8th Earl of Erroll, Andrew Hay, b.?, a.1573-1574, d.1585


Son of the 7th Earl and Margaret Robertson.


9th Earl of Erroll, Francis Hay, b.?, a.1585, d.1631


Son of the 8th Earl and Lady Jean Hay (b.c.1540, d.1570), daughter of the 6th Earl. He was a convert to Roman Catholicism, and involved in conspiring against James VI of Scotland and Elizabeth I of England. He joined the earls of Huntly and Crawford in open rebellion in the north of Scotland, only to be surrender when the king arrived in Aberdeen. Though treated leniently, he continued to conspire against the king, and in 1593 he was sentenced to renounce his Catholicism or be considered a traitor. The following year, he defeated a force sent under Argyll to capture him, though he was badly injured and his family seat at Slains Castle razed to the ground. He left Scotland for a time, but returned and finally made his peace with the king. However, he was still at odds with the Church of Scotland and imprisoned for a time at Dumbarton Castle. Several of his daughters married other earls.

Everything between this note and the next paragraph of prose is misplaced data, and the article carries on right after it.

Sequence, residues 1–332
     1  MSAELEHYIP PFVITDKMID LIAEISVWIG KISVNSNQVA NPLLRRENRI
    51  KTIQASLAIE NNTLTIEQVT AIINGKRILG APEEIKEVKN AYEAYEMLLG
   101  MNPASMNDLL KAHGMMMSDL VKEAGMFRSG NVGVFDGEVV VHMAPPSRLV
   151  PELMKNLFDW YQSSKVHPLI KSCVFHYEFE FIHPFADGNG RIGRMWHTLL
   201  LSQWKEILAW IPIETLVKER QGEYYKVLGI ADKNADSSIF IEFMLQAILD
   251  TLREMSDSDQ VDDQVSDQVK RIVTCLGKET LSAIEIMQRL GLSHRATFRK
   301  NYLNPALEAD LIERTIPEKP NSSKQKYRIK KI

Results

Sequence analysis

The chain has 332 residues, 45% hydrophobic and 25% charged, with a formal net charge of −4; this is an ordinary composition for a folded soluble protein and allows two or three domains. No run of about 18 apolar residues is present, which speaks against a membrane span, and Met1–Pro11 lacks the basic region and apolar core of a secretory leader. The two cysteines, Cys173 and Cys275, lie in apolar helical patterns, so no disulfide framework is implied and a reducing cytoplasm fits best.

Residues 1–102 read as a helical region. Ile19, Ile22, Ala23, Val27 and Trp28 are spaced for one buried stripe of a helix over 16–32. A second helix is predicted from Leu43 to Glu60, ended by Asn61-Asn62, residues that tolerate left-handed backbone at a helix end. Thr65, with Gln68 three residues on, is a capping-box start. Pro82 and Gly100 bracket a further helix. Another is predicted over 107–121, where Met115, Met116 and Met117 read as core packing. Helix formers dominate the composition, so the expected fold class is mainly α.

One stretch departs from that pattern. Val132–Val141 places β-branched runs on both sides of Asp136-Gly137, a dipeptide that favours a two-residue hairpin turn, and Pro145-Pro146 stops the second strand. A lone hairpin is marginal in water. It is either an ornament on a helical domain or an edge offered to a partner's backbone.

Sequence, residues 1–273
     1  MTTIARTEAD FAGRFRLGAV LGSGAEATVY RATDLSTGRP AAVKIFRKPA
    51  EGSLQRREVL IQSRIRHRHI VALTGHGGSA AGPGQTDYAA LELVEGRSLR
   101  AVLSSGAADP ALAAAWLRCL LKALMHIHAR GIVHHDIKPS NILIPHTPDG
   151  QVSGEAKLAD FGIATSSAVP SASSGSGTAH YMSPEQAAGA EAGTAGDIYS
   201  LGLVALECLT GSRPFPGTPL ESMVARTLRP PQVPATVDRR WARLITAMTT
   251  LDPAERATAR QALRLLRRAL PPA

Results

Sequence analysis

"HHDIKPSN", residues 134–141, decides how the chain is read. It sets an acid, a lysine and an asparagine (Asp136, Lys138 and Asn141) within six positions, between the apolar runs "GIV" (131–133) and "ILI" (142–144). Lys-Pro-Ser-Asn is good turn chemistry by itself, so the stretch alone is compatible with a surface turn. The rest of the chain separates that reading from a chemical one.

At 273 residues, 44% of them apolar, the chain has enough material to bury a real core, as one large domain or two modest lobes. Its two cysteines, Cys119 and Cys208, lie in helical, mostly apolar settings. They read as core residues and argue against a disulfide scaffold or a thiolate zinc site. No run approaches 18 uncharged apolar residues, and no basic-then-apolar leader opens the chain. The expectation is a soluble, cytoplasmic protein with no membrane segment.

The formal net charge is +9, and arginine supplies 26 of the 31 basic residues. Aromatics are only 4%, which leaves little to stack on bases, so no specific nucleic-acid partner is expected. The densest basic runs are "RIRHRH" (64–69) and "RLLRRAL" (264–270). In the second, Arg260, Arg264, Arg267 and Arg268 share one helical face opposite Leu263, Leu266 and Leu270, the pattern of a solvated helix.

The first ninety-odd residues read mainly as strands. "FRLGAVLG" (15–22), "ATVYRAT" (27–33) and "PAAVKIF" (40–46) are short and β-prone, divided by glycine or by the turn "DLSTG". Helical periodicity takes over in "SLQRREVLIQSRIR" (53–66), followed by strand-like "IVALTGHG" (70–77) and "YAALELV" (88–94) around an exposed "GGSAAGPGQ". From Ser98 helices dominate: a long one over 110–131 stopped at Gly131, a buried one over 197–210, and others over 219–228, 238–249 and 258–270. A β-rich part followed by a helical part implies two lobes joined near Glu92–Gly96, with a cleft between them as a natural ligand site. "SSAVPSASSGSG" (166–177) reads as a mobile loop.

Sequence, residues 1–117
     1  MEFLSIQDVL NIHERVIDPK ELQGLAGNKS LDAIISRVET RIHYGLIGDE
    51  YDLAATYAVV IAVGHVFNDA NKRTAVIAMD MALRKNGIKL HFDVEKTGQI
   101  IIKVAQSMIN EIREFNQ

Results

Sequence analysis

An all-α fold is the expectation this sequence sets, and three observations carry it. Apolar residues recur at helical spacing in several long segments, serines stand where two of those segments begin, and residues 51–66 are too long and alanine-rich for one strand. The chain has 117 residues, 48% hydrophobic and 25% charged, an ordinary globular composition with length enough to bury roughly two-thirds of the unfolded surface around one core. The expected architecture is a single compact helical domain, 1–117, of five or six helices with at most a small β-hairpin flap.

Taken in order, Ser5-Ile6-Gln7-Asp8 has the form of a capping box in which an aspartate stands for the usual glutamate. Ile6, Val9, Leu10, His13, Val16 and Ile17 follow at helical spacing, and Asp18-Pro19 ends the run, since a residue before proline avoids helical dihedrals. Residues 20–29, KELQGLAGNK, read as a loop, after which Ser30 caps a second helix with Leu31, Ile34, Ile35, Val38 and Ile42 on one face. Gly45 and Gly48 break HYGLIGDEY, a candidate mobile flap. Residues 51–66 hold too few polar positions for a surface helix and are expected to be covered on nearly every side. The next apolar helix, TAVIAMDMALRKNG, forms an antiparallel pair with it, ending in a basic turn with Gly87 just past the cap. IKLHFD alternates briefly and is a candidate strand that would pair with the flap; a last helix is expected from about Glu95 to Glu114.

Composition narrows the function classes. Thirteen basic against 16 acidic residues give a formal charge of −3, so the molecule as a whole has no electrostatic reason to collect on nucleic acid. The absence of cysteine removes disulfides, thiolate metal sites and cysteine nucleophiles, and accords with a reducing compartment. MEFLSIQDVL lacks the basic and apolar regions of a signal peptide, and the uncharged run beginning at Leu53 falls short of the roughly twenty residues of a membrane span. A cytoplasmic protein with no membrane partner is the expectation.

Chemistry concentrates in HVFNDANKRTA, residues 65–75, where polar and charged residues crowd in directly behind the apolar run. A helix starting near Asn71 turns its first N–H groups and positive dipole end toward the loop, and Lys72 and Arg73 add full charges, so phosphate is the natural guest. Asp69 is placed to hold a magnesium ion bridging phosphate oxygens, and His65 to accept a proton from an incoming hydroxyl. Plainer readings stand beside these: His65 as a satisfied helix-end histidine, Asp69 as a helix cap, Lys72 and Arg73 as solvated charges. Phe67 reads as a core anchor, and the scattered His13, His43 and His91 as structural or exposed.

10th Earl of Erroll, William Hay, b.?, a.1631, d.1636


Son of the 9th Earl and Elizabeth Douglas, daughter of William Douglas, 6th Earl of Morton. He was a favourite of Charles I, but his extravagance forced him to sell of his estates.


11th Earl of Erroll, Gilbert Hay, b.1631, a.1636, d.1674


Son of the 10th Earl and Lady Anne Lyon (b.?, d.1637), daughter of Patrick Lyon, 1st Earl of Kinghorne. A committed Royalist, he fought for Charles I and Charles II. Knowing that he had no direct heirs, he obtained a regnant regarding the disposition of his titles after his death.


12th Earl of Erroll, John Hay, b.?, a.1674, d.1704


Great-grandson of the 8th Earl and his second wife Lady Agnes Sinclair, daughter of George Sinclair, 4th Earl of Caithness, grandson of George Hay and Isabel Cheyne, daughter of Sir Patrick Cheyne of Esselmont, and son of Sir Andrew Hay and Margaret Kinnaird, daughter of George Kinnaird, 1st Lord Kinnaird of Inchture.


13th Earl of Erroll, Charles Hay, b.?, a.1704, d.1717


Son of the 12th Earl and Lady Anne Drummond, daughter of James Drummond, 3rd Earl of Perth. In the traditions of his family, he was a noted Jacobite and was imprisoned in Edinburgh Castle after the first uprising. He died unmarried.


14th Earl (Countess) of Erroll, Mary Hay, b.?, a.1717, d.1758